Scope: Proposals should address one or several of the following bullet points using technologies and systems which are already at TRL 7-9 (please see part G of the General Annexes):

CALL FOR COMPETITIVE LOW-CARBON ENERGY - Transmission grid and wholesale market

Demonstration and R&D are needed in interoperable technologies, services, tools, system integration, network synchronisation, co-ordination schemes, business models, cost-benefit analyses, market architectures and rules and regulatory regimes to plan, build, monitor, control and safely operate end-to-end networks across national borders. The integration of renewable energy and emergence of new services and uses of electricity will require major upgrades and reinforcements of the pan-European power system. A realistic implementation of the “smart grids” concept across national borders becomes a requirement to continue the safe operation of the grid.
Scope: Integrating and validating solutions to grid challenges, concentrating on field demonstration of system integration, up-scaling at industrial scale and supporting R&D. Preparing first replication of the solutions in different contexts and/or countries. Appropriate market models, business cases, user and general public acceptance, regulatory, market up-take (e.g. regulatory issues, capacity building and access to finance), social, environmental and resource efficiency aspects should be included. Opening up demonstration facilities for targeted practice-oriented education and training is encouraged. LCA and economic assessments should be refined.


The high penetration rates of variable renewable energy resources entail the need for large scale energy storage to balance the production and consumption of high quantities of electricity and during longer time periods. Demonstration activities in this topic will aim to progress large scale energy storage and reduce the barriers associated with new storage concepts. An important market uptake challenge is to reduce the barriers (technological, economic, regulatory, environmental, social and other acceptance, etc.) associated with the deployment of existing or new storage concepts.
Scope: Activities should focus on storage systems that reached already TRL 5 and bring them to TRL 6-7 (please see part G of the General Annexes). This would include anticipation of potential market and regulatory issues with due consideration to the environmental and socioeconomic aspects and improved models to demonstrate energy storage systems.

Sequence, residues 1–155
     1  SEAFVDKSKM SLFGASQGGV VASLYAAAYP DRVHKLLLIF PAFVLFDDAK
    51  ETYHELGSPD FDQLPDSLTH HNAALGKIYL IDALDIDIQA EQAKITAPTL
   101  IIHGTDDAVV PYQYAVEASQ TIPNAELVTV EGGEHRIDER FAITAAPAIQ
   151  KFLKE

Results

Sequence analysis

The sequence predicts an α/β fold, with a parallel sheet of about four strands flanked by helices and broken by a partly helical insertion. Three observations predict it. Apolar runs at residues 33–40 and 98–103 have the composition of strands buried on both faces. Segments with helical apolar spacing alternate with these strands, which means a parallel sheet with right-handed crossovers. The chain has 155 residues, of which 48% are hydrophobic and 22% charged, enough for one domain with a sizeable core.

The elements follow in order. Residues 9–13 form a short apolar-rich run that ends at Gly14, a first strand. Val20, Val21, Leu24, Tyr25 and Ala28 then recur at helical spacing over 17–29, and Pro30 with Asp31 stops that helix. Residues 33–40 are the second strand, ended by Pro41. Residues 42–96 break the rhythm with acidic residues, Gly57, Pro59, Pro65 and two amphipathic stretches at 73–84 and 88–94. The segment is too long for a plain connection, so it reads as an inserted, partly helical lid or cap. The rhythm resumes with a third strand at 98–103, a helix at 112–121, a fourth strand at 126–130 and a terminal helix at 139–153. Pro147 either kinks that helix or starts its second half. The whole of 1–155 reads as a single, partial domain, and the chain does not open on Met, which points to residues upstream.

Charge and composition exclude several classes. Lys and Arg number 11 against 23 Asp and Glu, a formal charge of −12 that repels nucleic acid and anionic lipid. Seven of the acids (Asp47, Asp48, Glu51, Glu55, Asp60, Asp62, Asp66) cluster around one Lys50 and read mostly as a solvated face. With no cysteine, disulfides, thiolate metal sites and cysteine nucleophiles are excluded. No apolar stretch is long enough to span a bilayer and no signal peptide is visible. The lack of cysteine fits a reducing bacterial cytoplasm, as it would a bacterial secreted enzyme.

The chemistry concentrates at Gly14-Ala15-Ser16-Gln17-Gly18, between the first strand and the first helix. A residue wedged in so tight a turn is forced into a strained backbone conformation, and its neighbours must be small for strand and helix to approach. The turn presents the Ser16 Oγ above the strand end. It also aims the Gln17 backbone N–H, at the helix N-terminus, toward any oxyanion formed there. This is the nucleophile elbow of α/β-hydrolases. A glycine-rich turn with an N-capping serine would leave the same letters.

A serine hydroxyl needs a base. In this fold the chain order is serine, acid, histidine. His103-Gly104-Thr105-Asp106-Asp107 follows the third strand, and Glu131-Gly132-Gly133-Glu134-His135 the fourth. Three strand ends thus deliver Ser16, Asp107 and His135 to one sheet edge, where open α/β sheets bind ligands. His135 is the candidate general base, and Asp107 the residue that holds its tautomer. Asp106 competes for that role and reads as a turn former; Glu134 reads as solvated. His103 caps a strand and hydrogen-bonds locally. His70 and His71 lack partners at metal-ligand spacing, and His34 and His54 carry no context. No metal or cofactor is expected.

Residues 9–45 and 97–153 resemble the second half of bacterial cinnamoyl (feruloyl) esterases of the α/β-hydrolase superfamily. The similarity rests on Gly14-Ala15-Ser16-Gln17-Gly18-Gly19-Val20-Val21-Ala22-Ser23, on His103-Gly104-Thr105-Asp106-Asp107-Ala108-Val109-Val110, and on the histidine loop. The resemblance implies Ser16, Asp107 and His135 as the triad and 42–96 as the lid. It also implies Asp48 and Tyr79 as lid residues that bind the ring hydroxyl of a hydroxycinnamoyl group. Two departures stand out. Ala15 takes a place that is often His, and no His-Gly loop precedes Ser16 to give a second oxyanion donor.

Activities should pursue direct electricity or indirect storage (electricity with other energy vectors). The activities must address the interfaces for integrating storage in grid management. Where appropriate, synergies between electricity grid, other energy grids, storage and final energy use must be taken into account.

Why to choose Solar Farms ?

Solar Farms, or solar parks, are the large-scale application of Solar Photovoltaic (PV) installations used to generate electricity.  They often cover large areas of land (between 1 and 100 acres) and therefore they are usually developed in rural locations. Approximately 24 acres of land is required for every 1 megawatts (MW) of installation, enough to power 305 homes.

Solar farms go through a rigorous planning procedure to get approval. This takes into account the suitability of the site, any potential impact on the locality and relevant renewable energy targets.

Why Solar Farms ?

€ 3 million Horizon Prize – Materials for Clean Air

In the European Union, the average life expectancy is estimated to be decreased by 8.6 months, because of exposure to particulate matter resulting from human activities. The inhalation of particulate matter can also lead to adverse effects in the respiratory, cardiovascular, immune, and neural systems. In addition to its effects on the human health, particulate matter can also have adverse effects on climate change and ecosystems.
The Horizon Prize on materials for clean air is a € 3 million prize that will be awarded to the person or team who can most effectively meet the following challenge: develop the best innovative design-driven material solution to reduce the concentration of particulate matter in urban areas.

State aid: Commission temporarily approves rescue aid for Romanian Complexul Energetic Hunedoara

The European Commission has concluded that temporary rescue aid of RON 167 million (approx. €37.7 million) to be granted by the Romanian authorities to Complexul Energetic Hunedoara ("CE Hunedoara"), the state-owned electricity and heat producer in Romania, is in line with EU state aid rules. In particular, the Commission found that the aid was limited to the amount necessary to allow CE Hunedoara to continue operating its power plants in the next six months. At the end of this period, the company will either pay back the aid or Romania will notify a restructuring plan, setting out measures to ensure the company's long-term viability.
Following losses in 2013 and 2014, CE Hunedoara is facing significant liquidity problems. Romania will grant short-term loans to CE Hunedoara to enable it to pay creditors and maintain operating activities until it is able to present a restructuring plan.
The Commission found the measure to be in line with its 2014 Guidelines on the rescue and restructuring of companies in difficulties. In particular, the aid amount is limited to what is needed to keep the company in business over the next six months. Moreover, Romania has committed to submit a restructuring plan aimed at ensuring the future viability of CE Hunedoara if the company is unable to pay back the rescue aid in six months' time.